I have been using this backup solution since 2018. Although I have not set up a backup schedule, I regularly run my backups whenever I make multiple changes or if I update the Roon software. A few days ago Roon provided us with another update. The update went smoothly and the app worked just fine. But when I tried to do another backup afterwards, I got quite a shock. After the backup tool started doing a snapshot, it failed with the message:
I then quit Roon and restarted the app without any problems. But I was not able to create another backup. What had happened? Fortunately, Roon has a support community. Immediately I stumbled upon it: The new version of Roon does a data consistency check prior to backing up. If this fails, you can no longer run any backups. I was still lucky. My Roon application was still working. Other users were no longer able to use Roon at all. The situation can be solved only by restoring a previous backup or by completely rebuilding the database from scratch (total data loss). However, since Roon only does a consistency check since the last release, it may be that all previous backups already contain the data corruption and are therefore not usable. I went back over a year and could not find a single backup that worked. Many other users failed as well…
The real problem is Roon’s behavior. The support is not helpful at all. When I was asking for official support, Roon was not really into it. Their standard message still is: “Do a fresh install with the latest release. The backup tool detects database corruption and prevents such issues in the future.” In other words: Roon handed out a useless tool for maintaining their valuable data and now leaves its users alone to deal with the problem. The most despicable message came from the COO himself: “As for corruption, it is not a crisis. We are talking about 0.03% of our total users.”
Translation: Fuck off!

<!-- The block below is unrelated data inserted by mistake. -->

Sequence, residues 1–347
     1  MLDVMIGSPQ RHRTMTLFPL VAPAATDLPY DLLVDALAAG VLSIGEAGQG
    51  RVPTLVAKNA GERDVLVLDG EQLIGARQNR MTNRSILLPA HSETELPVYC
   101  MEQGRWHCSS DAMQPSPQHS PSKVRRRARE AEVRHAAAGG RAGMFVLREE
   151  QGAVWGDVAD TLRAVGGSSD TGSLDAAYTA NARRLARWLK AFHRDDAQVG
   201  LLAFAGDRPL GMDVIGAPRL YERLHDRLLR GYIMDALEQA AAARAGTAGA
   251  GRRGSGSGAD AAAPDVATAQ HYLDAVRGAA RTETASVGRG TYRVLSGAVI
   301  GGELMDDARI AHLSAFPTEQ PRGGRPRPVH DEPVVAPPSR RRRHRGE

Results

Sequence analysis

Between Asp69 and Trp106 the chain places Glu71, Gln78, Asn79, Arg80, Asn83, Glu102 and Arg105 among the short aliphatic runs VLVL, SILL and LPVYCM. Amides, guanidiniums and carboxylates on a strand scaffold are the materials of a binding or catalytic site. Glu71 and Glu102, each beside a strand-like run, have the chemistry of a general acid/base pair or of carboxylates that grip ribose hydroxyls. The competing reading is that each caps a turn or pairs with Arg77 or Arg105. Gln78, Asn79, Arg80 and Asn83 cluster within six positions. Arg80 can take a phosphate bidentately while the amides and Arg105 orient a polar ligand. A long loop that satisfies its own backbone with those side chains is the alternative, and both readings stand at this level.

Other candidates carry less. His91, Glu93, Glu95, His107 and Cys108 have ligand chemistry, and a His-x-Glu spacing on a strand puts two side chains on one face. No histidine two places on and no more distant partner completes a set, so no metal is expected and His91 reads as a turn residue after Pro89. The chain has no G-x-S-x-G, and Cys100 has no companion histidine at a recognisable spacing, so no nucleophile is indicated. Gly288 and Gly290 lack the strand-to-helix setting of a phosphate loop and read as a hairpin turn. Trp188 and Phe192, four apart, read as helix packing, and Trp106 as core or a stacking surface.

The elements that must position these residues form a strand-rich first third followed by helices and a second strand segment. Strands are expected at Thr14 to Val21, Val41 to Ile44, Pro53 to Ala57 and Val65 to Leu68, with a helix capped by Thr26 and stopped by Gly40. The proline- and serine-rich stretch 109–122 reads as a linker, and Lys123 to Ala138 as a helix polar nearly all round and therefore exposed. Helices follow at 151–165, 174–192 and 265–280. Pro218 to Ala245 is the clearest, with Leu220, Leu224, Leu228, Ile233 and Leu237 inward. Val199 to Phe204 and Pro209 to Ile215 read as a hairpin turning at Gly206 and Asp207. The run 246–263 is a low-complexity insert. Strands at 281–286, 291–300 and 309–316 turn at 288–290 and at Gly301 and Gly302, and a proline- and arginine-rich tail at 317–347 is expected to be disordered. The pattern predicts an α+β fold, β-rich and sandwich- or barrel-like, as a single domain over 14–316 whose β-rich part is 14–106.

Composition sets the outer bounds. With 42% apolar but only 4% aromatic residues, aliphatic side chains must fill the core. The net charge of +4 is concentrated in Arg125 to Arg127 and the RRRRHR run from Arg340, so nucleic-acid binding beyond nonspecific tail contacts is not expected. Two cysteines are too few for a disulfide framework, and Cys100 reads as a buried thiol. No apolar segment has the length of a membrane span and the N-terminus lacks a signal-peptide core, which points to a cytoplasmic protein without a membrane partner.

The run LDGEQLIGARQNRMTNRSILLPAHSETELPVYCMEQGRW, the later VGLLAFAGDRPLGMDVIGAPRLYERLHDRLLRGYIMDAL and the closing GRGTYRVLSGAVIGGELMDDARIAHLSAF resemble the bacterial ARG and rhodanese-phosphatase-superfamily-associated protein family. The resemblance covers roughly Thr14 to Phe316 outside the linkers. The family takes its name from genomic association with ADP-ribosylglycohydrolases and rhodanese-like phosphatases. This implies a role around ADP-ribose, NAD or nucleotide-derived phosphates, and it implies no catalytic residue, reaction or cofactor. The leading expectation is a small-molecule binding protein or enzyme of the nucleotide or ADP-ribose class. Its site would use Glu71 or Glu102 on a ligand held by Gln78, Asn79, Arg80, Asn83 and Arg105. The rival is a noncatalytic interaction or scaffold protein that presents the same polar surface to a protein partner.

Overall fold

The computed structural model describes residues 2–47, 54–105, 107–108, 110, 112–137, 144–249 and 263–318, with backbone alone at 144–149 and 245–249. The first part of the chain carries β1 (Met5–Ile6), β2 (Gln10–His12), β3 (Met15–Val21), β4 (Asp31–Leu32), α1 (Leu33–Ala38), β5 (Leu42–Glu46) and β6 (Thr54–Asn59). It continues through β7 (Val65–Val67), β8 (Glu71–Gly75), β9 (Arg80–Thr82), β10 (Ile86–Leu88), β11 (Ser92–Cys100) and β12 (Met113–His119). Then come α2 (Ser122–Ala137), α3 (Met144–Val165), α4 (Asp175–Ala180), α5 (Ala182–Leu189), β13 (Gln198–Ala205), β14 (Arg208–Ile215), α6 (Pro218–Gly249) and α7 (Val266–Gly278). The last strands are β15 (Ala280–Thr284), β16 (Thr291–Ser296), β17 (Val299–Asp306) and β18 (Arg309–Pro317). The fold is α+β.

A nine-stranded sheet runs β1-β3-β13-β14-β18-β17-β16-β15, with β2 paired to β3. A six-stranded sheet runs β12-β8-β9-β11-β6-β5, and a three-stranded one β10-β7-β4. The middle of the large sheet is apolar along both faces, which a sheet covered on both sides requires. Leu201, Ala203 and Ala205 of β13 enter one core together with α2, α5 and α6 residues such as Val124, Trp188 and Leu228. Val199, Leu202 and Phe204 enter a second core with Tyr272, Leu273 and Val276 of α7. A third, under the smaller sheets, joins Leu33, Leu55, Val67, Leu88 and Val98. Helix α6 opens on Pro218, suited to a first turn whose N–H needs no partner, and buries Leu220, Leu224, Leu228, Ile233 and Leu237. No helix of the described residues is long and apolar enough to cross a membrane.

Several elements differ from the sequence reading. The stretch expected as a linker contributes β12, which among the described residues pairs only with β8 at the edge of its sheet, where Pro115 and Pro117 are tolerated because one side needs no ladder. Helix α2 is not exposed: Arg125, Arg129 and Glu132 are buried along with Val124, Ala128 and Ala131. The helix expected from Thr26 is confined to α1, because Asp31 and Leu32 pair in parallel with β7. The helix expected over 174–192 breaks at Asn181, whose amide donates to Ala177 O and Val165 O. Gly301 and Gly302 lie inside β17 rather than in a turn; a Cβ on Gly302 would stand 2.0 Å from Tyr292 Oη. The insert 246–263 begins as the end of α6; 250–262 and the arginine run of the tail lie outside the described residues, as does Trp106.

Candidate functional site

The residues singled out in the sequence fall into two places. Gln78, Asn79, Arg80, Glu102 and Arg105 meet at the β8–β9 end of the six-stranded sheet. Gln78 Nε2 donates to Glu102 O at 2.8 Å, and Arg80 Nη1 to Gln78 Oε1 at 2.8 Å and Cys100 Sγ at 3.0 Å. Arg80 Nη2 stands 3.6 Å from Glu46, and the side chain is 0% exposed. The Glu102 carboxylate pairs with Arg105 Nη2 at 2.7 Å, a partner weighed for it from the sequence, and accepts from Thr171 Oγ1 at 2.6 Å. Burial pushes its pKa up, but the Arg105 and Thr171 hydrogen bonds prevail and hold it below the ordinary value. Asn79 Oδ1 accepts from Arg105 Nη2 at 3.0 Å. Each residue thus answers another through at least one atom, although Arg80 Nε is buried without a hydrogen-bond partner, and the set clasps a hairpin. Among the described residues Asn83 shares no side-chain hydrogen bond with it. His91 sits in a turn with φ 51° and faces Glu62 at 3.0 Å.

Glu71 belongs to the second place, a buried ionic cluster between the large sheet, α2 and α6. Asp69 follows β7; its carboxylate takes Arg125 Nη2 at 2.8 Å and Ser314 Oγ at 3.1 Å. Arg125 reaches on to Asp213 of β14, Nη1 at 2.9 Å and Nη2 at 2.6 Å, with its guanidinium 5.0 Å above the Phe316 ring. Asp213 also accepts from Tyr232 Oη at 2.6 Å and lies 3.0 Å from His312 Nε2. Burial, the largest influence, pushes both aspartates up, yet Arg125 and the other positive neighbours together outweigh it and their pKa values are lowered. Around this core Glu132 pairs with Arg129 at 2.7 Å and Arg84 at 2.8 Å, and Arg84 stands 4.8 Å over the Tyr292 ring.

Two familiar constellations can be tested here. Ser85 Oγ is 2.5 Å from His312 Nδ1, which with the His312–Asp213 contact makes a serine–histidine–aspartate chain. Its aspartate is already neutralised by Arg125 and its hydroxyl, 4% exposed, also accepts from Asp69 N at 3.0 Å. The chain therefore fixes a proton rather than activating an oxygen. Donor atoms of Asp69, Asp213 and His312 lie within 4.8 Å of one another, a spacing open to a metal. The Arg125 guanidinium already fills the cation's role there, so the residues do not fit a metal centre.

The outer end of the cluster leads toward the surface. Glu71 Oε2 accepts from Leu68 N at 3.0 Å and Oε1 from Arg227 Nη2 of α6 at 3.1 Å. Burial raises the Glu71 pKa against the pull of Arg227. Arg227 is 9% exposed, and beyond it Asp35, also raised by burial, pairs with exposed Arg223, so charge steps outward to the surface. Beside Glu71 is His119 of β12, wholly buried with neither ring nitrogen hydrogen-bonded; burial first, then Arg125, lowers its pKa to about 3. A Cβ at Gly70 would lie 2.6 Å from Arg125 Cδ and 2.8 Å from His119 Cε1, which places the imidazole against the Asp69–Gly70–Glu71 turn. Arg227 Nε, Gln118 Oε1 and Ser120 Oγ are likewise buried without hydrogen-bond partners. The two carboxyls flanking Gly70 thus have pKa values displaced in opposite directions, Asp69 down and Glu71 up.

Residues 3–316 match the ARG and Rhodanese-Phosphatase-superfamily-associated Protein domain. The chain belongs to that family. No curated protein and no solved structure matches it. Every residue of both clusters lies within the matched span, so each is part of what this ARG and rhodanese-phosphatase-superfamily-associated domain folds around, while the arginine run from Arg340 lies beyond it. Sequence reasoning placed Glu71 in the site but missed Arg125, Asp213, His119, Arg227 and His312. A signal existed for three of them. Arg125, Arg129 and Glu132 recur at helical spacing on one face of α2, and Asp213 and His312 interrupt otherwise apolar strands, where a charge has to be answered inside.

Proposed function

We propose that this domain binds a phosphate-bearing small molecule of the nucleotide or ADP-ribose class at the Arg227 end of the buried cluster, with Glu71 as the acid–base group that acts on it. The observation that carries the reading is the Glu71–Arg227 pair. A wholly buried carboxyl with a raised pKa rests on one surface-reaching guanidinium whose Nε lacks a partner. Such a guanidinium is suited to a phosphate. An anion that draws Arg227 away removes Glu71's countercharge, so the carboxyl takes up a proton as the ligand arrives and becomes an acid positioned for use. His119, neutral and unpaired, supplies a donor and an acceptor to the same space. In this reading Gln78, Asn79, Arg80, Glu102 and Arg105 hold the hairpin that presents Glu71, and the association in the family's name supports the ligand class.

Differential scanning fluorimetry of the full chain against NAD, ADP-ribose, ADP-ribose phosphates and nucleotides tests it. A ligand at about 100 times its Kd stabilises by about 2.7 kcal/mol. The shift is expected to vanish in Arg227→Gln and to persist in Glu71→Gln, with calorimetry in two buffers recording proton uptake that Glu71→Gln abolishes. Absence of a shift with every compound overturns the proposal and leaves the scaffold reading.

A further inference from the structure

I strongly doubt this number based on the entries in the support forum. Especially since only a small percentage of users actively participate in the forum and if you don’t make regular backups (which experience shows is only a small percentage) then you may not even notice the data corruption. I would now like to make a statement on this topic:
“Roon didn’t understand that their business model is data. And if you don’t care about your customers’ data, you end up losing your business.”Alex Reusch
Dear Roon, that’s YOUR MISSION: DATA about music.
Many companies have a backup strategy, however a recovery strategy is necessary to be successful with databases. Is it too much to ask that a company dealing with a large amount of individual user data to take a strategic approach to data recovery? Roon says such problems are now a thing of the past. The new version solves the problems with data inconsistency. But can we be sure about that? Is there any way to verify this? Or is the next stupid excuse just around the corner? Possible wording: “Oh, we thought the backup tool guarantees consistent data, but it doesn’t. Oops!” I trusted Roon once. Maybe that was reckless, since the guys at Roon are amateurs when it comes to securing data. But if the same problem happens to me a second time, I will be the only one to blame. Only idiots make the same mistake twice.